Ophal Code of Conduct
The Ophal community welcomes contributions from everyone. Yet we subscribe to the following rules in order to ensure our community grows healthy and happy.
Our work will be used by other people, and we in turn will depend on the work of others. Any
decision we take will affect users and colleagues, and we should take those consequences into
account when making decisions. Ophal has millions of users and thousands of contributors.
Even if it's not obvious at the time, our contributions to Ophal will impact the work of others. For
example, changes to code, infrastructure, policy, documentation, and translations during a
release may negatively impact others' work.
The Ophal community and its members treat one another with respect. Everyone can make a
valuable contribution to Ophal. We may not always agree, but disagreement is no excuse for
poor behavior and poor manners. We might all experience some frustration now and then, but we
cannot allow that frustration to turn into a personal attack. It's important to remember that a
community where people feel uncomfortable or threatened is not a productive one. We expect
members of the Ophal community to be respectful when dealing with other contributors as well
as with people outside the Ophal project and with users of Ophal.
Collaboration is central to Ophal and to the larger free software community. This collaboration
involves individuals working with others in teams within Ophal, teams working with each other
within Ophal, and individuals and teams within Ophal working with other projects outside. This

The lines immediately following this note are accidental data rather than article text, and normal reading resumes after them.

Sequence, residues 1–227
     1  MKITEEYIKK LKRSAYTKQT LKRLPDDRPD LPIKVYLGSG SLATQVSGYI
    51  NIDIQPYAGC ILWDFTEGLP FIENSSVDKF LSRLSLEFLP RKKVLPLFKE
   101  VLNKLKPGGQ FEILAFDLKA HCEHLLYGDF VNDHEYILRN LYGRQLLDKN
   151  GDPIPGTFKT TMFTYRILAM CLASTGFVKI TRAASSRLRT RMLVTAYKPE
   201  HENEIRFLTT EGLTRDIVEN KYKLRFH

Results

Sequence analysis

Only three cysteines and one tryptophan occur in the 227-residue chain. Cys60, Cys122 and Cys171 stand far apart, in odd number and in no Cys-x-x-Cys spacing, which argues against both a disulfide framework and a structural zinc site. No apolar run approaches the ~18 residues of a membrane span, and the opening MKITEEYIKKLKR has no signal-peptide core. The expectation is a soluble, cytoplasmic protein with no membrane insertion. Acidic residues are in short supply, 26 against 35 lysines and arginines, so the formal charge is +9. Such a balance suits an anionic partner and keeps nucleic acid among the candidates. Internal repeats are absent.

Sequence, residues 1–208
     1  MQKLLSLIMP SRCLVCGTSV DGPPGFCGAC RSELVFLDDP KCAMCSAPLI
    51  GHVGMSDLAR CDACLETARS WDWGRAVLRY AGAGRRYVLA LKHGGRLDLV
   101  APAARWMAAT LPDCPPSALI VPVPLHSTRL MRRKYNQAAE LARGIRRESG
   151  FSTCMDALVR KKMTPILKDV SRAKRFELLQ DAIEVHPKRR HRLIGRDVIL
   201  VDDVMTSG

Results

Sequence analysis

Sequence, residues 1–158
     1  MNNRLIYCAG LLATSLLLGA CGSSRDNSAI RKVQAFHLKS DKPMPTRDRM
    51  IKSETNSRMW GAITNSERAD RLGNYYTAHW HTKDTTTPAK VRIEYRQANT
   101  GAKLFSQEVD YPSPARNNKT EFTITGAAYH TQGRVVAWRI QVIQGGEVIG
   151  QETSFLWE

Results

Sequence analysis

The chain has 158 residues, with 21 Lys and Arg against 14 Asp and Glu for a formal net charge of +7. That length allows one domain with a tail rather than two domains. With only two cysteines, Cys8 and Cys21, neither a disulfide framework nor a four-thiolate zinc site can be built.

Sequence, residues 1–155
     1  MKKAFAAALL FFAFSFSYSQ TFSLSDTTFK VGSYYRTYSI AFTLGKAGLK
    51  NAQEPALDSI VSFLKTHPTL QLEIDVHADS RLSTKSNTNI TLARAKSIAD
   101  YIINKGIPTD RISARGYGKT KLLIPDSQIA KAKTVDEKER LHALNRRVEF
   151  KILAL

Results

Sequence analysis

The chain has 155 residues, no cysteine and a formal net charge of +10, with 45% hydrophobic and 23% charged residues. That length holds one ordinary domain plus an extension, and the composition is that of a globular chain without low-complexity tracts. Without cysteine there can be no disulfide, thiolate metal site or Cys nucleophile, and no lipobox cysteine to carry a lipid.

collaboration reduces redundancy, and improves the quality of our work. Internally and externally,
we should always be open to collaboration. Wherever possible, we should work closely with
upstream projects and others in the free software community to coordinate our technical,
advocacy, documentation, and other work. Our work should be done transparently and we should
involve as many interested parties as early as possible. If we decide to take a different approach
than others, we will let them know early, document our work and inform others regularly of our
When we disagree, we consult others
If and when we choose to adopt a more extensive or formal conflict resolution process, we will
add to this section. But for now, the title says it all.
When we are unsure, we ask for help
Nobody knows everything, and nobody is expected to be perfect in the Ophal community. Asking
questions avoids many problems down the road, and so questions are encouraged. Those who
are asked questions should be responsive and helpful. However, when asking a question, care
must be taken to do so in an appropriate place.
Step down considerately
Members of every project come and go and Ophal is no different. When somebody leaves or
disengages from the project, in whole or in part, we ask that they do so in a way that minimizes
disruption to the project. This means they should tell people they are leaving and take the proper
steps to ensure that others can pick up where they left off.